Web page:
I think it would have been one of the old established larger potteries, so probably Town End Pottery, or the Baggerley Pottery.

Joseph would have been employed making terracotta country ware pottery, perhaps with some slip decoration.

This was the days before the demand for stoneware bottles.

Despite the Lancaster Guardian article of 1875 claiming that wages around this time were very meagre, Joseph was able to save enough money to purchase land and build his own pottery after ten years of working in Burton.

Richard Bateson, the last potter of Black Burton, with some of his wares.

Interestingly the land Joseph bought was on the south side of the River Greta, which is actually in the township and parish of Bentham and not Burton, so in a way Joseph built the first Bentham Pottery.

Joseph named the pottery Bridge End Pottery and went into production around 1870.

The previous year Josiah Wedgwood had opened his third pottery, the iconic Eutoria Works.

Joseph would have continued producing country pottery wares as demanded by the locality, using the Burton black ware/terracotta clay dug open cast around Mill Hill (near Greeta House).

A few shards of pottery have been dug up in the garden where the kiln of Bridge End Pottery once stood and they reveal terracotta clay with some white slip trailing and a lead glaze.

Joseph would probably own a horse and cart for transporting pots to market.

I would guess that six to eight people would have been employed in total.

Joseph died at the age of 76 in 1812, which was a ripe old age for a potter at this time, especially for a potter working with a lead glaze. Joseph Bradshaw outlived Josiah Wedgwood by 17 years.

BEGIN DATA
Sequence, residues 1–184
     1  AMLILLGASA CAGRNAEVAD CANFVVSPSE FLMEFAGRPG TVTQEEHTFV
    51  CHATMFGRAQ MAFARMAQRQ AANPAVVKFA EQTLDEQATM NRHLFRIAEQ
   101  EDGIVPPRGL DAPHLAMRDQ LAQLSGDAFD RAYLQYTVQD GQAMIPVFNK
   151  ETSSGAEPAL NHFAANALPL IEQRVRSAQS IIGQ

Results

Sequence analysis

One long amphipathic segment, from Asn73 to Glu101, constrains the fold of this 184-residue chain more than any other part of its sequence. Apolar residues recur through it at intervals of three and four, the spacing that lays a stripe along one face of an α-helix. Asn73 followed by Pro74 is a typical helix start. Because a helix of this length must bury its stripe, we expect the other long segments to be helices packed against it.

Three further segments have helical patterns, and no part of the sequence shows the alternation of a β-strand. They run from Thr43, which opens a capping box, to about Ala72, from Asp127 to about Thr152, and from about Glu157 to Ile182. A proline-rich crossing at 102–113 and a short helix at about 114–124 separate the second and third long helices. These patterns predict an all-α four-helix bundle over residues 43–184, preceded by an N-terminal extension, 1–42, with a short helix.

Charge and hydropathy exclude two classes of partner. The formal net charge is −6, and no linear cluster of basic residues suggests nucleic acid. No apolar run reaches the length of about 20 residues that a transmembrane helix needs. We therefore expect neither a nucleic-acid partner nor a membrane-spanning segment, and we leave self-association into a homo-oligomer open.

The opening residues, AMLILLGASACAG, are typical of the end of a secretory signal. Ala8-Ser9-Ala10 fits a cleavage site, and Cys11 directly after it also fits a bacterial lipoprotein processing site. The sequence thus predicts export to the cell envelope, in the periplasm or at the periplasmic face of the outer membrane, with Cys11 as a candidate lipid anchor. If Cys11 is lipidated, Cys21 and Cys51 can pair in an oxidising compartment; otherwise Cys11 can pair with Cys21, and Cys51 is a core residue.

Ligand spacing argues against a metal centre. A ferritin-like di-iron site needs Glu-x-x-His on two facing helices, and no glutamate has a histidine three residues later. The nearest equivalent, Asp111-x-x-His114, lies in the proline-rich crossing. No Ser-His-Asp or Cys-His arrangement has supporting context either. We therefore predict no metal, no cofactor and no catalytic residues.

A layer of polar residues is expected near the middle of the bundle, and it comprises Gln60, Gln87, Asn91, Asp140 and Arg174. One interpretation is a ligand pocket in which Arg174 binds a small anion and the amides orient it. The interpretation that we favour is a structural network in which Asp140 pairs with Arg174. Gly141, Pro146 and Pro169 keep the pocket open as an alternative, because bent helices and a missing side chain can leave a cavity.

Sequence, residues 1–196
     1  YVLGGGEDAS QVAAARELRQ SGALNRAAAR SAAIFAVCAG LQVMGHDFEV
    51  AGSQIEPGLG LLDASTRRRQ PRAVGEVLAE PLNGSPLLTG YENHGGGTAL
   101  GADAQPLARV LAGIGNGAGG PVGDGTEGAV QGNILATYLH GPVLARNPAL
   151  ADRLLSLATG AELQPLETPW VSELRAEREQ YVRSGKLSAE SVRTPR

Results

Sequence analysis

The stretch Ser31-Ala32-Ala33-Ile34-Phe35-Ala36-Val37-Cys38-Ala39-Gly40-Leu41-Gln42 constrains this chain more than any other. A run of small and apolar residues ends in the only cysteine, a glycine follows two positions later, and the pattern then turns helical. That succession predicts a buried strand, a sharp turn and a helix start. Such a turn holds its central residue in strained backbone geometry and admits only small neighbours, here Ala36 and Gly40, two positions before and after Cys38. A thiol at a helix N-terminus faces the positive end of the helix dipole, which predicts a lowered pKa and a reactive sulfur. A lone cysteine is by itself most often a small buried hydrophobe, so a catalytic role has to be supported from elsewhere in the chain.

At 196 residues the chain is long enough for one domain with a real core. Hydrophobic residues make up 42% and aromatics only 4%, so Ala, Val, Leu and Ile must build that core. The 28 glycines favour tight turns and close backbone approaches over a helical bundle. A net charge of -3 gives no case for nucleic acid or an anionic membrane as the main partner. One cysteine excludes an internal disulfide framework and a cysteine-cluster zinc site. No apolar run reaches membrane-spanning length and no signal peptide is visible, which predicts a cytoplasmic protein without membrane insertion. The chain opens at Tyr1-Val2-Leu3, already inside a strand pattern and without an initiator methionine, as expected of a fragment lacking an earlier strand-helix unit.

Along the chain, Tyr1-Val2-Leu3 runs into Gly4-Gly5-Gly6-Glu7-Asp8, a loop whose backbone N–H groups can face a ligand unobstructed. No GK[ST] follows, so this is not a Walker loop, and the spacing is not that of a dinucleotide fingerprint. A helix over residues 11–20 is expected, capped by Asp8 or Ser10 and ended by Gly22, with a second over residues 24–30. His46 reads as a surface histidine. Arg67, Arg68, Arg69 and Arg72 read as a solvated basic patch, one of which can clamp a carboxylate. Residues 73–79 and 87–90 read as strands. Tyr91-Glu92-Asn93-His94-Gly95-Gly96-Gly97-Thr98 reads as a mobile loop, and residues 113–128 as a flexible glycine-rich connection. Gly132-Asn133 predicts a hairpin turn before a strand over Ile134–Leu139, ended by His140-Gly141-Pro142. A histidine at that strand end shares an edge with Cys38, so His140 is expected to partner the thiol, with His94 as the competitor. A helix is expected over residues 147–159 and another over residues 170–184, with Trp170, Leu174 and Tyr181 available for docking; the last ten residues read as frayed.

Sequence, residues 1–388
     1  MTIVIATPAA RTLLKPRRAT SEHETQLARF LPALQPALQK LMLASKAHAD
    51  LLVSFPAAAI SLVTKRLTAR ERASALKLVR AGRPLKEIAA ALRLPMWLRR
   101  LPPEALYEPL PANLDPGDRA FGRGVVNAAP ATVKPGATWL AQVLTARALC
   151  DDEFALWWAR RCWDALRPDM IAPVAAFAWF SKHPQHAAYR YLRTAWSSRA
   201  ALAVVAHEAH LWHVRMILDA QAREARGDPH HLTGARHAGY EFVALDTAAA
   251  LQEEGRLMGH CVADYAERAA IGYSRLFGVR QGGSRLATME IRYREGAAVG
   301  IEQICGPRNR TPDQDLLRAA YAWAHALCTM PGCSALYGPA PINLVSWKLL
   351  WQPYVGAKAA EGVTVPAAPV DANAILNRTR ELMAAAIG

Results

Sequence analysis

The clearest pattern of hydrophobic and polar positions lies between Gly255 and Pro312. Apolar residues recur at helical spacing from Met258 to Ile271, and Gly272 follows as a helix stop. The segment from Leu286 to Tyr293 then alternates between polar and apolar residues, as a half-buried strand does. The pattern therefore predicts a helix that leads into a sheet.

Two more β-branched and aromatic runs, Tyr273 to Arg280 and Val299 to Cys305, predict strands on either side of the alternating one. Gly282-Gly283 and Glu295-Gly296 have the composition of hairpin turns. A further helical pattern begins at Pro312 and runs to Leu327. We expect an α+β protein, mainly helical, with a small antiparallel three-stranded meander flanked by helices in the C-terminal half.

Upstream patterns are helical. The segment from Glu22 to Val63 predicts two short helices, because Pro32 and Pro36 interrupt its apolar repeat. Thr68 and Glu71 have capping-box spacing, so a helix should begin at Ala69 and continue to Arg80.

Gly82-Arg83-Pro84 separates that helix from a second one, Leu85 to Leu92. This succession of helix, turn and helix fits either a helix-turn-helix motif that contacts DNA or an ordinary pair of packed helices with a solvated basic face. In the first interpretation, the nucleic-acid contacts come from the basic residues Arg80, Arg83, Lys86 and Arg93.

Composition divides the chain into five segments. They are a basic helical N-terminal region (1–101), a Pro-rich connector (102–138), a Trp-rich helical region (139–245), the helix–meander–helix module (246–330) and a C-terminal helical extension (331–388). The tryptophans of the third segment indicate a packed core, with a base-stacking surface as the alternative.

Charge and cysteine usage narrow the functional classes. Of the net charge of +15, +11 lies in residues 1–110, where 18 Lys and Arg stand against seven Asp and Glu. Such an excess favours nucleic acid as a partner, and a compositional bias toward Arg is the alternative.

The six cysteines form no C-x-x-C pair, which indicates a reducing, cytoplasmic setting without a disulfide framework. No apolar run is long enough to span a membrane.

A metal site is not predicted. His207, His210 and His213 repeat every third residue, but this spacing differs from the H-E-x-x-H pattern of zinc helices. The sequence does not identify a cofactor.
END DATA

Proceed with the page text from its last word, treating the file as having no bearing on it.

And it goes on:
Both men came from a similar background, both were dedicated to pottery, arguably with very different outcomes and achievements but none the less interesting lives.

Joseph passed on the pottery to his son, Robert Bradshaw. Robert worked the pottery with his brother Joseph Bradshaw until 1822 when Robert died. Joseph inherited one sixth of the pottery alongside Roberts’s children. Joseph continued working the pottery with his son Thomas under a lease.

On 3/9/1835 Joseph’s son Thomas Bradshaw bought Bridge End Pottery for the sum of £290.

Thomas died in 1840, whereupon his brother John leased the pottery before taking on the mortgage for it on 12/08/1867.

John Bradshaw then worked the pottery with his brother Benjamin Bradshaw.

The pottery left the Bradshaw family when it was sold on 31/12/1885.

It was bought by Thomas Coates from the Baggeley Pottery on the opposite side of the river to Bridge End Pottery for the sum of £150. Thomas Coates immediately closed it as a pottery.

This was probably a strategic step by Thomas to eliminate competition.

Thomas converted the pottery into three cottages that still stand today.

He sold the cottages in 1888 to Anne Eccles of Clifton Gloucester for the sum of £350.

If you are interested in learning more about the history of Burton-in-Lonsdale and particularly the pottery industry, then you may be interested in the recently published “The Last Potter of Black Burton”, written by Lee Cartledge of Bentham Pottery.

The book is available for purchase at the pottery (where you can get a signed copy), or on Amazon at (https://amzn.to/2VVHDzL).

Lee Cartledge and his mum Kathy at work in Bentham Pottery, who has written a book about Richard Bateson - The Last Potter of Black Burton. 1st January 2020. Picture Bruce Rollinson